Skip to content

R-II Board Adopts Updated 2021-22 Calendar


Ste. Genevieve R-II School Board members adjusted the 2021-22 calendar and looked at enrollment.

The meeting was held virtually, more due to inclement weather than to COVID-19 concerns.

Dr. Julie Flieg, superintendent of schools,  reported that enrollment was 1,753 at the end of January, compared to the estimated 1,779 on the first day of school and the 1,776 public count at the end of September.

The January figure is down from the January 2020 count of 1,826 and the January 2019 count of 1,787.

With the pandemic, Flieg said this was “not too surprising.”

“A lot of parents chose to take their children to home school,” she said. She said “quite  few” parents of potential 2020-21 kindergartners opted to hold their children out a year before starting them.

Enrollment is up for pre-K students, though, with 72 at the end of January, compared to 71 a year ago and 68 two years ago. The 72 is also well up from the first day estimate of 56 and the end of September figure of 58 this school year.

“We’re real excited and proud of those numbers,” Flieg said. “We are concerned about what were seeing with the pandemic.”

Flieg gave a reminder that Ste. Genevieve kindergarten registration in 8 a.m. to noon, March 6 and at Bloomsdale, 8 a.m. – tonoon, March 27. Scheduling of appointments began on Feb.. 8.

The building principals did not give their monthly reports.

“There were a few bumps,” Flieg said, “but overall the teachers and building principals were very pleased at how things went.”

The district had just started four-day-a-week live learning when the weather forced it back to remote learning.

She encouraged parents to reach out to teachers with any questions.

Flieg added that she is “very proud” to work with the board, noting that it was National School Board Week.

David Bova, board president said the board is “fairly united” in opposition to several proposed bills that would support charter schools and one that would move school board elections from April to November.

“Those bills could hurt public schools,” he said.

Flieg added that Senate Bill 55 also has a provision that waives attendance requirements for home school students that public school students must meet.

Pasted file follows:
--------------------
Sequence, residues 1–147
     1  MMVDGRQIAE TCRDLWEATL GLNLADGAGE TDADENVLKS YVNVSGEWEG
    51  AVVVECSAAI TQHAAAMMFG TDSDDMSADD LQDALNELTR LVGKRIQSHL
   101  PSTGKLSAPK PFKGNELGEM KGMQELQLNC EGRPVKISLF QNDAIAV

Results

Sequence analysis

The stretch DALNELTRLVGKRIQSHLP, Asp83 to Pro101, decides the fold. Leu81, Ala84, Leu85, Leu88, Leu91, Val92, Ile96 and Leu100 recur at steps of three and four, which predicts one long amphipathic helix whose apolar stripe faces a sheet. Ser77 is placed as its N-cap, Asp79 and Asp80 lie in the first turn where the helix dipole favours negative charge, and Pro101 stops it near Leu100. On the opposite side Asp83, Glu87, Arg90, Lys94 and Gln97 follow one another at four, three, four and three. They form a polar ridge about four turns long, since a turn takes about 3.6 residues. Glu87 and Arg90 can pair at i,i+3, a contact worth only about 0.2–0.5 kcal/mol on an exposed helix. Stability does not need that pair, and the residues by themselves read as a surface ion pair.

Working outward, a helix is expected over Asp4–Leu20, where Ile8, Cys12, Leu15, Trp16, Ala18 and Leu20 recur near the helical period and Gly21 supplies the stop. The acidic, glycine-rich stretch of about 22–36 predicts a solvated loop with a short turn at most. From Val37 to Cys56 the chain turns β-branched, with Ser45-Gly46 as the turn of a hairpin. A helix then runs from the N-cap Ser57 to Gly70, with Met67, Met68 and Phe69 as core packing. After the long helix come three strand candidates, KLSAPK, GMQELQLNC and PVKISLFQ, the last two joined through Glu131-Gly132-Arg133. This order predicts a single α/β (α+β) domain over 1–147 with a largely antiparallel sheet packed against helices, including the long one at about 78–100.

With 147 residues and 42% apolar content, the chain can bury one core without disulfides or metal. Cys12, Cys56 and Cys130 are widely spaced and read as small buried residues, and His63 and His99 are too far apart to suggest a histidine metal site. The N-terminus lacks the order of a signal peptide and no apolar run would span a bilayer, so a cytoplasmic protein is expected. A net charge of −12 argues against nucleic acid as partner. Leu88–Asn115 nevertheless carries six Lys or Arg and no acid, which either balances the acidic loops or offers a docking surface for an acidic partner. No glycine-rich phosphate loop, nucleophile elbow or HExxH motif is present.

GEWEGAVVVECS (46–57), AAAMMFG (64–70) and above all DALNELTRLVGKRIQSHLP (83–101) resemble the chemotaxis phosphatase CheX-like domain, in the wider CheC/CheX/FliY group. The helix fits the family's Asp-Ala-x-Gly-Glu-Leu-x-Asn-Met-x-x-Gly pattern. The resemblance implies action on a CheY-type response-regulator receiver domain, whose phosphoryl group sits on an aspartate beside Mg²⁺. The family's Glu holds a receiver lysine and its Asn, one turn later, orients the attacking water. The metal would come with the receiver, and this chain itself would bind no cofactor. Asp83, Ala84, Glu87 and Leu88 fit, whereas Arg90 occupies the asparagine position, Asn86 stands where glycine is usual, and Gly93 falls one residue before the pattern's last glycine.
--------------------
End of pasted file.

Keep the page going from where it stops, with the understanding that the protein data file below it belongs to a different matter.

“It creates  a double standard that just isn’t fair to kids in general,” Flieg said.

Bova said these bills would take public tax dollars and allow it to be spent at charter or parochial schools – even at for-profit charter schools.

There are similar bills in the Missouri House.


Some changes were incorporated into the previously proposed 2021-22 calendar.

First semester will now end at the beginning of Christmas break, rather than extending into January, as previously scheduled.

Finals will be held Dec. 20-22.

“We received several comments along that line that, especially in particular, middle school and high school teachers would prefer we did that if we could.”

She said it  will create a bit of an imbalance, with 82 school days first semester and 90 days second semester, but added that “We don’t think it’s significant enough to really cause an issue.”

August 23 will be the first day of school, with no school on Friday, Sept. 3 and Monday, Sept. 6 due to a professional development (PD) day and Labor Day. On Oct. 28, half a day of school will be held, with no school on Oct. 29, for parent-teacher conferences.

There is no school on  Veteran’s Day, Nov. 11. School dismisses early on Wednesday, Nov. 22 for Thanksgiving and resumes Monday, Nov. 29. At Christmas, there is a partial day of school on Dec. 22, then no school until Jan. 6.

PD days will be Feb. 18 and March 11, with Jan. 17 off for President’s Day and Feb. 21 off for Dr. Martin Luther King Jr. Day.

April 13 will be a partial day, with students off until Monday, April 19 for Easter.

May 20 is the final day of school, with May 21 being graduation.

Potential make-up weather days for students extend through May 27, while employees potentially could have contracted make-up days  through June 6, with a make-up PD day for teachers June 7.

The calendar provides for 1,108 hours, well above the required 1,044 hours.

Flieg said 40 or 41 of 57 comments on the revised calendar were positive.

The board unanimously voted to adopt the revised calendar.